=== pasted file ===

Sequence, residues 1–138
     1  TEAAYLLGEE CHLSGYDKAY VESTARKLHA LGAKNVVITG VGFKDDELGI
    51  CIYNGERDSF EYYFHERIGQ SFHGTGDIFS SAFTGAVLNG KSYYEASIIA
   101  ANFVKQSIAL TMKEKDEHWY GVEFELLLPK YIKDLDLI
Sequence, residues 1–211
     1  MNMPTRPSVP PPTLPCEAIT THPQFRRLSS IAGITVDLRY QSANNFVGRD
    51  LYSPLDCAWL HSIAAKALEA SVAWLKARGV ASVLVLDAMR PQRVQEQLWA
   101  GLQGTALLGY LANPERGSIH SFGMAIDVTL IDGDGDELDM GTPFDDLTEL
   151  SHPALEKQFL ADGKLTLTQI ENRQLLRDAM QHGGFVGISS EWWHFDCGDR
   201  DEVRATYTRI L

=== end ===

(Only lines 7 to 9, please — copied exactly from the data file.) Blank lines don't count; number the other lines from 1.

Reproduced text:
    51  LYSPLDCAWL HSIAAKALEA SVAWLKARGV ASVLVLDAMR PQRVQEQLWA
   101  GLQGTALLGY LANPERGSIH SFGMAIDVTL IDGDGDELDM GTPFDDLTEL
   151  SHPALEKQFL ADGKLTLTQI ENRQLLRDAM QHGGFVGISS EWWHFDCGDR